Kara no Kyoukai

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Kara no Kyoukai
Kyoukai01.jpg
Original Novels Kinoko Nasu
Format Anime (Movie)
Made By ufotable
Length 48 minutes (Movie 1)
58 minutes (Movie 2)
56 minutes (Movie 3)
46 minutes (Movie 4)
112 minutes (Movie 5)
60 minutes (Movie 6)
119 minutes (Movie 7)
30 minutes (Epilogue)
88 minutes (Movie 8)
# of Movies 8 + Epilogue

Genre

Drama, Action, Suspense

Sum it up in a Sentence:

A crazy girl with a knife fights against people with incredibly weird superpowers.

Main Description

Kara no Kyoukai is an adaptation of an online novel released by Kinoko Nasu in 1998, and published in full at Comiket in 2001. Each movie adapts one chapter of the original novels. The movies are produced by ufotable and have very high production values. Yuki Kajiura provides an excellent soundtrack.

The story follows Shiki Ryougi, a young woman with the ability to perceive death. Whether it is a person, an object, or even an immortal being, she can kill anything with a single stab. Shiki works for a magus by the name of Touko Aozaki, who is ostensibly a maker of mannequins and puppets but will occasionally take on mysteries of a supernatural nature. Also working for Touko is Mikiya Kokuto, a former classmate of Shiki's and all-around nice guy, who ostensibly works as Touko's secretary but will often risk his own neck to investigate cases that Touko takes an interest in despite having no supernatural powers whatsoever.

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Personal Opinions

jonjonaug

Kara no Kyoukai is really the only good adaptation of any of Type Moon's productions. Just about every fault in the adaptation was a problem in the original work as well, and it takes out some of the clumsier parts of the original story. The production values are really top notch, with some great animation and an outstanding soundtrack. The characters and setting are interesting, the various powers of the enemies that Shiki fights are very creative, and overall it's really fun to watch. The story is prone to meandering on for a bit at times with Nasu's weird philosophical detours, but the rest of the series more than makes up for that.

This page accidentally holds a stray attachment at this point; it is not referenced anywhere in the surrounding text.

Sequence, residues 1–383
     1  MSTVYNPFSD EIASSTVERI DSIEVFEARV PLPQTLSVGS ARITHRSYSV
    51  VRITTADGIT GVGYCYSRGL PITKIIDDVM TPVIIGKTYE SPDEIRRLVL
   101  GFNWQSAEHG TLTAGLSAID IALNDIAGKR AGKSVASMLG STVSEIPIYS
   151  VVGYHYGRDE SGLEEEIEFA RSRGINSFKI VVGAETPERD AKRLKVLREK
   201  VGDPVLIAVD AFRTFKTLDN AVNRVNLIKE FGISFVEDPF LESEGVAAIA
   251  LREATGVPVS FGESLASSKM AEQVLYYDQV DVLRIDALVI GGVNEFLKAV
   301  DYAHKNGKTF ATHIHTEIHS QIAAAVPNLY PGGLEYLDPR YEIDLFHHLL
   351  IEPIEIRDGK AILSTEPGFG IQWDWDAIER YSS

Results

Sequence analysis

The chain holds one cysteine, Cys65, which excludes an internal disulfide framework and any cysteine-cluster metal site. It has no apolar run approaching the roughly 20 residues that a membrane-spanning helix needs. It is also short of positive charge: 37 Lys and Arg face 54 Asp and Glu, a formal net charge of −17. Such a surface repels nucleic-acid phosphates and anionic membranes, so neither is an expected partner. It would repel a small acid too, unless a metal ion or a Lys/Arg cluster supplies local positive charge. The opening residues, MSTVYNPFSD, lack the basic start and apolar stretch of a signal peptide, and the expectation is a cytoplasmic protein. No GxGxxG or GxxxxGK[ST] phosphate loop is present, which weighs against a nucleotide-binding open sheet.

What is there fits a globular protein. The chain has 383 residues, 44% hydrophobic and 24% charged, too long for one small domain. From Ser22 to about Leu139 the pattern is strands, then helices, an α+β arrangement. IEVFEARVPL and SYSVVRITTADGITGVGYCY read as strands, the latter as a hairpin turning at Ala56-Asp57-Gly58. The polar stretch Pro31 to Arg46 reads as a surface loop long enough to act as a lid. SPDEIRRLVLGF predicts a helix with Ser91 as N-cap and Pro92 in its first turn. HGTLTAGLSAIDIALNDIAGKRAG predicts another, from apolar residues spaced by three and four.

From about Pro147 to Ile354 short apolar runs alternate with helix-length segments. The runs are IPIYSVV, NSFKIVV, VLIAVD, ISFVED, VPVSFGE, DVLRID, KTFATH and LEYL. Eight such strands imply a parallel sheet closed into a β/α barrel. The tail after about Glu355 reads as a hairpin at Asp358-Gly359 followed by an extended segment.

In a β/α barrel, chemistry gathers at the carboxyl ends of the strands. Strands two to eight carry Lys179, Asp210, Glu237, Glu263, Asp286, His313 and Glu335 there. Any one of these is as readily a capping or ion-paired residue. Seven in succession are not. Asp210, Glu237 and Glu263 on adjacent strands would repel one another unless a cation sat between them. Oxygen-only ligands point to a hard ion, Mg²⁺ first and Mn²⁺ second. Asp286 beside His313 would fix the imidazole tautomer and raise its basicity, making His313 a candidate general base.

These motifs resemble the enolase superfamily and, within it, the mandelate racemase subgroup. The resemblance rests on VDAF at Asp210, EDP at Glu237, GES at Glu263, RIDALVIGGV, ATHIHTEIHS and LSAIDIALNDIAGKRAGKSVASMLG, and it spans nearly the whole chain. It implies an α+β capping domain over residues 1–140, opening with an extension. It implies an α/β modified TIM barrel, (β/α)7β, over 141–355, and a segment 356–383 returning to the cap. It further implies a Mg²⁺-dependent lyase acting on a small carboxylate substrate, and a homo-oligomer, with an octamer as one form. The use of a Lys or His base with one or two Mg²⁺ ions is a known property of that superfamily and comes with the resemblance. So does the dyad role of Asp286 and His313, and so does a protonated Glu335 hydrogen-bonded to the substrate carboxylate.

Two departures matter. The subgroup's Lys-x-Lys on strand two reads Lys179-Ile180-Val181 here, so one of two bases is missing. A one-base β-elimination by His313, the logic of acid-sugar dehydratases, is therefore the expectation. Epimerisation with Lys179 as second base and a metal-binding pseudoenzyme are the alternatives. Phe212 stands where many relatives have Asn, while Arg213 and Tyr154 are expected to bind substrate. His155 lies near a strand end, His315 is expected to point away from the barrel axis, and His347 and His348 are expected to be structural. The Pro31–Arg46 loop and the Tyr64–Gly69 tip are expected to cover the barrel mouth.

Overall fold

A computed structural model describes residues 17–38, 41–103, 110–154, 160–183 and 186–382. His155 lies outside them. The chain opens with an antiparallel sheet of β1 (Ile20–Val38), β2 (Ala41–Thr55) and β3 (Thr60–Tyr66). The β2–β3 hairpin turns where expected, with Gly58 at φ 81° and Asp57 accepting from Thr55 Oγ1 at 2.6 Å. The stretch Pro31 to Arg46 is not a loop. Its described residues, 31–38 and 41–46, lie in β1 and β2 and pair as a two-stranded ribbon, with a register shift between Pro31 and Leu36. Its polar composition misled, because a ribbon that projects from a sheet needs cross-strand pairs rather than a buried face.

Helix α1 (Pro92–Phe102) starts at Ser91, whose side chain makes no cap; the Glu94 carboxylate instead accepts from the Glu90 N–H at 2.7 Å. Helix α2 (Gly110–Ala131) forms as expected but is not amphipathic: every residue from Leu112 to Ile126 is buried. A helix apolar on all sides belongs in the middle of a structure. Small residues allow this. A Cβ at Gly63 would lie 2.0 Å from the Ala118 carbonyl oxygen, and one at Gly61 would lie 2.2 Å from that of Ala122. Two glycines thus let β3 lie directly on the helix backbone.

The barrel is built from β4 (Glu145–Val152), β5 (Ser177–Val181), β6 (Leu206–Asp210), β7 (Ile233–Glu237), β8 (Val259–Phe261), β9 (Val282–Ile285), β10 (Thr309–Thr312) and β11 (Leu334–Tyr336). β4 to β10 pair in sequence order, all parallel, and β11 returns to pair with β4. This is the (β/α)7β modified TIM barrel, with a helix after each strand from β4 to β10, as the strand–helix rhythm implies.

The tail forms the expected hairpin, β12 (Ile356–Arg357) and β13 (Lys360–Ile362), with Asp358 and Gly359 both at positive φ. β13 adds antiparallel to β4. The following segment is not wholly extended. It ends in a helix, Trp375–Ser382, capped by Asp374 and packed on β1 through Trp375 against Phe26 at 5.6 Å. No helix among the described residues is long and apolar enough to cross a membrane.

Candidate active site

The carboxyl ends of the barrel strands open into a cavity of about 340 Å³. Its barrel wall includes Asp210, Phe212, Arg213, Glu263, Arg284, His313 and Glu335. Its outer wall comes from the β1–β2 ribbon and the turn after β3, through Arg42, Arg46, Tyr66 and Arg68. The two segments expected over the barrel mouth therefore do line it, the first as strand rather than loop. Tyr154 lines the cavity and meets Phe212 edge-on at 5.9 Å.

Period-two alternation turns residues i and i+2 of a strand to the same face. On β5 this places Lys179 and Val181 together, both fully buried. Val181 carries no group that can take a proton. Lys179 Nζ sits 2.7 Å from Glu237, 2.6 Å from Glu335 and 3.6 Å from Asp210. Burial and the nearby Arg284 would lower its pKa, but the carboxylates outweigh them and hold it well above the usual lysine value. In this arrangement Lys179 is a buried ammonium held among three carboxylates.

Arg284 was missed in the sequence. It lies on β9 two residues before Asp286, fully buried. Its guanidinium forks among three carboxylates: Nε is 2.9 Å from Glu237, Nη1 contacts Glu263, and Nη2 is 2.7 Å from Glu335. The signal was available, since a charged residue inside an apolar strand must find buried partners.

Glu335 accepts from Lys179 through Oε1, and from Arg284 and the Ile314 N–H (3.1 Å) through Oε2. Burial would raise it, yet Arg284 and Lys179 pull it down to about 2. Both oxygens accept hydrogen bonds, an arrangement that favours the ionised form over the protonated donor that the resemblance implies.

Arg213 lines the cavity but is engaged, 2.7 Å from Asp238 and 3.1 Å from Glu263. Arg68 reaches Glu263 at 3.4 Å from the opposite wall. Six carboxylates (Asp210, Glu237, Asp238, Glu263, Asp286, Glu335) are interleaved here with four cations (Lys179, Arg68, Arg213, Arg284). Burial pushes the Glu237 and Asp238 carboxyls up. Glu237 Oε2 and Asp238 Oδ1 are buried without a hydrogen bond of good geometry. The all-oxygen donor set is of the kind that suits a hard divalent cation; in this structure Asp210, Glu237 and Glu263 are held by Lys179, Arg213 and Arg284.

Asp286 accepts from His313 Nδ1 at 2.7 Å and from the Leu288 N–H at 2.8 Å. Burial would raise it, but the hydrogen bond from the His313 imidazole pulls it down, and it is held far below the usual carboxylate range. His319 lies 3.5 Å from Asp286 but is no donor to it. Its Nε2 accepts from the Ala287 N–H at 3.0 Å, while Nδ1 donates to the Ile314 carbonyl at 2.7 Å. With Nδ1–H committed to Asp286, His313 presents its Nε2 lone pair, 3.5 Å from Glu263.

Relambrien

Type Moon works don't get much better than this. If you've been exposed to either Fate/stay Night or Tsukihime in any form before, you'll be able to appreciate the things used here that Kinoko Nasu drew from to create those works. One of the most fantastic things about Kara no Kyoukai is how it extends and adds to the viewer's understanding of the universe, regardless of how much or how little the viewer already knows. However, you must go into it expecting a massive amount of abstract concepts and ideas that cannot be fully grasped. Nasu's universe follows a set of specific rules which are, so far, consistent but almost impossible to fully grasp by anyone. This includes Nasu himself, which is a testament to his skill as a writer.

Pierson

If I could use one word to describe this series it would be 'unearthly'.

Nate RFB

At once both pretentious and fascinating, Kara no Kyoukai showed the world that it was possible to adapt Kinoko Nasu's universe into animation and not have it suck. Or more specifically, it was possible for ufotable (who are now the de facto animation studio for T-M). KnK is Nasu at his most cerebral, and while at times it can feel a bit impenetrable it has a way to dazzle the viewer with its visuals, plot, action, direction, dialogue, the whole package really. If you're in the mood for something that you can slowly digest while at the same time bask in some rightfully ambitious animation and music, Kara no Kyoukai may be the perfect experience for you. It tries a bit too hard at times and part of me wonders if non-T-M fans will appreciate it as much as others, but I still feel compelled to call it one of the best overall works of animation I've seen.

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